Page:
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Academy to Receive Festival Archives

The directors of the Telluride Film Festival will donate a comprehensive collection of documents, photos and videotapes from the Festival to theAcademy of Motion Picture Arts and Sciences’ Margaret Herrick Library. The materials cover every year of the Festival, right back to its first year, 1974.

Included in the collection are programming notes, photographs of guests in attendance, press reviews, invitations, programs, schedules, correspondence, posters, yearbooks and other promotional materials. In addition, videotapes of festival seminars and other noteworthy events are included; these will be housed in the Academy Film Archive.

“We’re extremely pleased to receive this collection from the Telluride Film Festival,” said Margaret Herrick Library Director Linda Mehr. “This festival in particular is one that is admired, appreciated and respected, and these materials give a great view into why that is.”

“The Academy’s Library is a world-class facility and performs a vital function in saving and making available materials about all aspects of film,” said festival co-director Bill Pence. “The Telluride Festival is one of the most prestigious arts events in existence, so it only makes sense for our materials to be placed in the care of the Herrick.”

Pence will formally acknowledge the donation at the Festival on September 3, with the presentation of a framed photograph from the collection to Academy Executive Director Bruce Davis.

In celebration of the gift, an exhibition of materials from the Herrick’s other holdings will be on display at the Telluride Gallery of Fine Art for the three days of the festival. Highlights of “Out of the Past: From the Collections of the Academy’s Margaret Herrick Library” include Edward Steichen photographs of Lillian Gish, Paul Robeson, Gary Cooper and Joan Crawford; animation art by Frédéric Back, Bruno Bozetto and Faith and John Hubley; production design drawings from “Gone with the Wind,” “ Mildred Pierce” and “It Came from Outer Space”; costume design drawings from “Shane,” “Bonnie and Clyde” and “The Postman Always Rings Twice”; and production correspondence on “The Wild Bunch” from the Sam Peckinpah Collection.

“We thought it would be appropriate for festival attendees to see a sample of the wide array of materials the Herrick has. It’s a way of saying ‘here’s what the Telluride collection will be joining,’” said Mehr.

The Academy announced in October 2004 that it would, through an expansion of its festival grants program, provide $50,000 per year for three years to the Telluride Festival. The first installment of that commitment will be in support of this year’s festival.

The Margaret Herrick Library is a world-renowned, non-circulating reference and research library devoted to the history and development of the motion picture as an art form and as an industry. It is regarded as one of the most complete collections of film-related materials ever assembled.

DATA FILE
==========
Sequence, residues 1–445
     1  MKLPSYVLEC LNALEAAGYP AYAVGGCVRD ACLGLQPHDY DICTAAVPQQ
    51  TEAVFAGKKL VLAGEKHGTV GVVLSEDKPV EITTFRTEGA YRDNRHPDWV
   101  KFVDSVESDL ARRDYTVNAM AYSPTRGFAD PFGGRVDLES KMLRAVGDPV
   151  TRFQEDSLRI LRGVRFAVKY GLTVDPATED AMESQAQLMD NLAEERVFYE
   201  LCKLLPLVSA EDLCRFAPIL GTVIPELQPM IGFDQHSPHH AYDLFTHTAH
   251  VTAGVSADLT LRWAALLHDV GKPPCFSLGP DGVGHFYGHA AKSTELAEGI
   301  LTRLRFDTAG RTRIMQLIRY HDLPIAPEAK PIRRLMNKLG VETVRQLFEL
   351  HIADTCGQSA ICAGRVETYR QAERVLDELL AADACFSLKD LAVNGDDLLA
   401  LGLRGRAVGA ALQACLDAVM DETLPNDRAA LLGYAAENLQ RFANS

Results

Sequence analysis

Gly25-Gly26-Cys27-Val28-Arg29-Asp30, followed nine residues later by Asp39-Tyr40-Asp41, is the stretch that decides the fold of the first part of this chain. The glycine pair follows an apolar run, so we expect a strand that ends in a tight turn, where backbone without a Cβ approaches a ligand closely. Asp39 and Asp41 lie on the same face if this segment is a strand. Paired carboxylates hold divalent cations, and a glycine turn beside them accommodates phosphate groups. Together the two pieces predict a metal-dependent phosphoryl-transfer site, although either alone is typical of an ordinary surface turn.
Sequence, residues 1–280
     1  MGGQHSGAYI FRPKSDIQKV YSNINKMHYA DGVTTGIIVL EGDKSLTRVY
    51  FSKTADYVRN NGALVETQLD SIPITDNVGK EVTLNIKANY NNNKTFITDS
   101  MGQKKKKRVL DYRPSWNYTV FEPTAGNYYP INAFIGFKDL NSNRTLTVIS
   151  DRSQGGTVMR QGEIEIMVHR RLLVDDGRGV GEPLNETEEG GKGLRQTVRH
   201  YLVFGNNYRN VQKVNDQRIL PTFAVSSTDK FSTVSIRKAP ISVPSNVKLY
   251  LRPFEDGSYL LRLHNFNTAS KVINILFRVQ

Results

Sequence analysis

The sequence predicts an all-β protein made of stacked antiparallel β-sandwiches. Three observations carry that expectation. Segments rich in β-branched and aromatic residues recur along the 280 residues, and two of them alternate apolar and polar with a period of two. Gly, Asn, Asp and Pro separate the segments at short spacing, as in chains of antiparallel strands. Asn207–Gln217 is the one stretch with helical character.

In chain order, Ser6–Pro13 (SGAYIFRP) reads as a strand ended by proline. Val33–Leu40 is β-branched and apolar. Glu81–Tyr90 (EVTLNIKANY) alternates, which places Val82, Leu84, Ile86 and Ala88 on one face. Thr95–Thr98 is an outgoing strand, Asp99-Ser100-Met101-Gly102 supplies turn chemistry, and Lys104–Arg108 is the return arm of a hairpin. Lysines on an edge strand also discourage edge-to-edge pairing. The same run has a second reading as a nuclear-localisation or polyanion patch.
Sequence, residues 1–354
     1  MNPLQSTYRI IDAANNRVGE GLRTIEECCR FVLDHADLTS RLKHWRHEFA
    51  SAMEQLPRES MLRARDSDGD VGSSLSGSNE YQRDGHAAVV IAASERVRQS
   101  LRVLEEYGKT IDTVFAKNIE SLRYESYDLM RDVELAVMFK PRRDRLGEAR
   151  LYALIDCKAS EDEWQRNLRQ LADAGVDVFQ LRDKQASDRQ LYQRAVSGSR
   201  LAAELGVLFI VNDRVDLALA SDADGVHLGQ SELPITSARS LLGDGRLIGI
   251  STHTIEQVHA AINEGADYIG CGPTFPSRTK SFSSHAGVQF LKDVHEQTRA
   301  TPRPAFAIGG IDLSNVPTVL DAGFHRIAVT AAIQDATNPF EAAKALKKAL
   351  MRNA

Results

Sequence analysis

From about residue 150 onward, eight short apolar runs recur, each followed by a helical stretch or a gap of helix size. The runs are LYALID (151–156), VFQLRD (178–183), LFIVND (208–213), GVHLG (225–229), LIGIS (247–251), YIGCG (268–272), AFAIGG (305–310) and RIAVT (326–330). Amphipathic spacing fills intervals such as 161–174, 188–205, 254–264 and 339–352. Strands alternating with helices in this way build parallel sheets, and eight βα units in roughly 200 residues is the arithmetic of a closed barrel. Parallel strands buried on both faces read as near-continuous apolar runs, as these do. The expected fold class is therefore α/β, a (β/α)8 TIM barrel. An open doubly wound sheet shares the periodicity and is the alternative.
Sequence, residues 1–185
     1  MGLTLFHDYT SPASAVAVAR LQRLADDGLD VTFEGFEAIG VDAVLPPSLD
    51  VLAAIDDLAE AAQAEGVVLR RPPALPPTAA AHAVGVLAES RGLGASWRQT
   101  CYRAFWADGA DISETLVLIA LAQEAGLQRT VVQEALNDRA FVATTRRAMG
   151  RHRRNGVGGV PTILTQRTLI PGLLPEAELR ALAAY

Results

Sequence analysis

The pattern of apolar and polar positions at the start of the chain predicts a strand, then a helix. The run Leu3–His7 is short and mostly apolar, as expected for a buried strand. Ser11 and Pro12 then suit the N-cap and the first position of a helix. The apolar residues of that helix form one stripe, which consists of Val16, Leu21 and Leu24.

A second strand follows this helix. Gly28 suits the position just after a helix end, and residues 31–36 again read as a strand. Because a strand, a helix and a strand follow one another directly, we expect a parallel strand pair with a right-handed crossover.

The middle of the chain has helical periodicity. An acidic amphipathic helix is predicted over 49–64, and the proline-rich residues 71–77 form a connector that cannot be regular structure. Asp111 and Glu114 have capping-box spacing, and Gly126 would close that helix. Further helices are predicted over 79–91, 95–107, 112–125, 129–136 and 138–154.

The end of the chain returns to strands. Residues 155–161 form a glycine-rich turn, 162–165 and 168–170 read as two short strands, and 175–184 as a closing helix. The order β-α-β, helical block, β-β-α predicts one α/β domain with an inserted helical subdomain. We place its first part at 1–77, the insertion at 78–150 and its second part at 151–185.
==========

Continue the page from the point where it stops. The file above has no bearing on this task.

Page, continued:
Criterion Collection and Janus Films to Receive Special Medallion

Award Will Celebrate Two Generations Dedicated to Accessibility and Preservation of Great Films

TFF Co-directors Bill Pence and Tom Luddy announced that acclaimed DVD publisher

Criterion Collection and its sister company, film distributor Janus Films, have been named as the recipients of the Festival’s 2005 Special Medallion.

Criterion’s William Becker, Peter Becker and Jonathan Turell will be present to receive the award at the 32nd Telluride Film Festival, which takes place September 2-5 in Telluride, Colorado.

“The Special Medallion is designed to recognize heroes of cinema – an artist, entrepreneur historian, critic, or organization dedicated to the continuance of film as art. Rarely do you see the multi-generational passion for these ideals that is exemplified by the Becker and Turell families, the driving force behind Janus and Criterion,” commented Pence. “The commitment to accessibility and preservation of fine film begun by Janus Films has been passed on from father to son and the result is the incomparable Criterion Collection of today.”

Originally founded in 1956, Janus Films was acquired in 1965 by William Becker and Saul J. Turell. Organizing numerous U.S film festivals featuring such masterpieces as the Russian silent BATTLESHIP POTEMKIN, Cocteau’s BEAUTY AND THE BEAST, and Kurosawa’s RASHOMON, Janus is widely credited for keeping classic films alive during the 1960s and 70s. They also became well known for bringing the works of great directors from around the world to American audiences - including the works of Truffaut, Antonioni and the early classics of Ingmar Bergman.

With the initiation of the Criterion Collection in the 1980’s, Jonathan Turell and Peter Becker have utilized cutting edge technology to further the philosophy learned from their fathers. Through laser disc and DVD, Criterion has revolutionized the quality and availability of film for the home viewer. Continuing to feature foreign films, established classics, and lesser known critically-admired movies over more mainstream selections, Criterion’s efforts to trace the best source materials for classic films and thorough restorations is admired throughout the industry.

Past recipients of the Telluride Film Festival Special Medallion include filmmaker-historian Kevin Brownlow, the French journal Positif, the critics Manny Farber and Stanley Kauffman, the British television producer Arena and entrepreneur extraordinaire Ted Turner.